Faith

Unseen

Since late 2011, I have been promoting my trilogy, The Chosen One of Allivar.  The story is a mythology which requires creation, life and end of times.  I’ve sold quite a few, but reviews and ratings have been very, very difficult to receive.  I’ve been told it is very good, but apparently posting a review is too difficult.  I have restrained myself from marketing it as a faith based story, because too many would never read it.  Chapter one in Rise of the Fallen starts out very similar to Genesis.  The tale of the fallen Charafuse (Angels) is very similar to that of the Satan story, and there are many inferences to stories in the Bible.  I did this for a marketing purpose, to bring familiarity to my story of the three Abrahamic religions of which there are more than a billion potential readers, nothing more.  What may appear as a religious story, is not. Here is a definition of religion:

Religion is an organized collection of beliefs, cultural systems, and world views that relate humanity to the supernatural, and to spirituality.

Since we live in a period of history where mythologies, even with the slightest hint of a creator, is deemed religious by the secular society, I will then market the trilogy and the upcoming 16 chronicles stories as a series of stories of faith, hope and spirituality.  In the end, the story is about mankind’s ability to be proper stewards and provides thought on immortal life.  It revolves around free will, family, spouse, children, races, and even the animals.

In the year 1999, I was challenged by a friend to write a story centered around a creator as the source of good, rather than the benign references in many stories.  Stars Wars has the “Force”, Lord of the Rings had the power of the elves given to them by Eru (The One), and Narnia has Aslan the Lion who is a representation of Jesus.  Robert Jordan, the author of The Wheel of Time has a creation story very similar to Christianity. George RR Martin refers to the old and new gods.  Gods lay down laws and the expectations of their creations.

In the end, the story is one about faith in something greater than ourselves and how one man is chosen to deliver the enslaved and a message to all of the living. The words Chosen One, do not refer to Christ.  Christ was God incarnate.  My hero is a mere mortal, asked to rise to the greatest challenge of all – to unite the seven divided races and stand against evil, before there is nothing left but death, darkness and eternal silence.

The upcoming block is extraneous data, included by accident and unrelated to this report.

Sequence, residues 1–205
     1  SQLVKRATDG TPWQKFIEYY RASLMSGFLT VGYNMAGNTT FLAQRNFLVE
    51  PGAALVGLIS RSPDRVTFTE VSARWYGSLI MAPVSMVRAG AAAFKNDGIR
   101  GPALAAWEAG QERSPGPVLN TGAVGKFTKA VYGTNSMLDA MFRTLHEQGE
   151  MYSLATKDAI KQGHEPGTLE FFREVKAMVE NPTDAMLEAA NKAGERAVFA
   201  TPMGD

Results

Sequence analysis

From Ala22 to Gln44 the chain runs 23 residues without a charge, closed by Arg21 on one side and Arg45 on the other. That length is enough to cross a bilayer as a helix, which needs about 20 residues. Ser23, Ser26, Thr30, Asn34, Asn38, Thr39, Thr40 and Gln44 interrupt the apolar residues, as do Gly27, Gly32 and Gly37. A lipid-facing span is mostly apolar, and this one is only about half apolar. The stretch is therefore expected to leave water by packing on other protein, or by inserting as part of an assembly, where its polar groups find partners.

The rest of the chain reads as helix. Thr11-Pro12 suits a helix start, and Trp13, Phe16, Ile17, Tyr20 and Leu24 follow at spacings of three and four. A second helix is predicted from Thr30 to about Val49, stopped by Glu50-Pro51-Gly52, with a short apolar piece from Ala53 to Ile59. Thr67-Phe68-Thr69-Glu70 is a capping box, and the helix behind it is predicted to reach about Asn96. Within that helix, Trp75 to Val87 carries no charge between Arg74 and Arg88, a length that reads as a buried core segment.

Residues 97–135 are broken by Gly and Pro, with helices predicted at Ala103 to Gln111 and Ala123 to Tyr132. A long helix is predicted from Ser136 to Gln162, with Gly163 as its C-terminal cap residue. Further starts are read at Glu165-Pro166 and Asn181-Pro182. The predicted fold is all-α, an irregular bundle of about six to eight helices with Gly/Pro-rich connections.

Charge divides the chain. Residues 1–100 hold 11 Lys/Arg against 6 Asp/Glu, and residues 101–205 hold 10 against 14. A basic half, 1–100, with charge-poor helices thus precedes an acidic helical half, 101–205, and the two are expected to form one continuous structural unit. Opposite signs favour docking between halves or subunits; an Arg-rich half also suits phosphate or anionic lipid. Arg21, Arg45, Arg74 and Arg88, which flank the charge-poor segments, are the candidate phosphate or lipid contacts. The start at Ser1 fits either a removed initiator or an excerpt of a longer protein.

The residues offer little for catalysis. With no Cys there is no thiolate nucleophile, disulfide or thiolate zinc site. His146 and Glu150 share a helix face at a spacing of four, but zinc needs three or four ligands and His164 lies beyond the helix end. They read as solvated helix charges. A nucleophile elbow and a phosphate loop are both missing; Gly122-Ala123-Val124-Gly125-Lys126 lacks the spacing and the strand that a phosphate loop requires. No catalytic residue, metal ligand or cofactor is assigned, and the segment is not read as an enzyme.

You will notice many inferences to other mythologies such as King Arthur and that created by Tolkien.  You will see the influence of Dante’s Inferno and Milton’s Paradise Lost.  In its simplest of form it is derived from this popular quote:

“The only thing necessary for the triumph of evil is for good men to do nothing.”

It is spiritual, highly emotional and so very human of a story.  It is allegorical, it has meaning and a moral behind it.  Will we the living finally become the stewards we were meant to be?  This is the question and should challenge all those who have faith and hope that there is greatness in and after life.

So now I submit to all those who love stories of faith, whether it be Life of Pi, The Chronicles of Narnia, The Wheel of Time, or another story I have not yet read – take a chance on a timeless story of good and evil and faith in things unseen. I am not asking you to convert to anything, follow me, or start a cult, but to enjoy a story – that’s all.  I promise you will be crying and cheering at the same time.

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The Significance of Seven

Seven

I am in the midst of writing a mythology that will consist of nineteen stories.  Nineteen has no significant meaning, but here is why there are nineteen:

  1. A trilogy (The Chosen One of Allivar) with the brief history of creation of ten heavenly worlds and through the first six ages of Allivar, prior to the introduction of the seventh age and my main character, Arimar. (3)
  2. A chronicles series of nine stories that explore the fall of nine of ten heavenly worlds. (9)
  3. A chronicles series of seven stories that represent all that took place in the six ages before the messenger and what was taking place that the messenger was unaware of as the seven races gathered and united to arrive on the final day of battle. (7)

And that is how I arrive at nineteen stories.  But let’s explore the number seven a little deeper.

Seven is a very unique number in mythology and religion.  Seven represents perfect completion as in the number of days of the creation of earth (whether you believe or not).  There are seven deadly vices and seven virtues.  If one masters the virtues, they are said to be perfect.   I have been fascinated with this concept in an Epic Fantasy setting.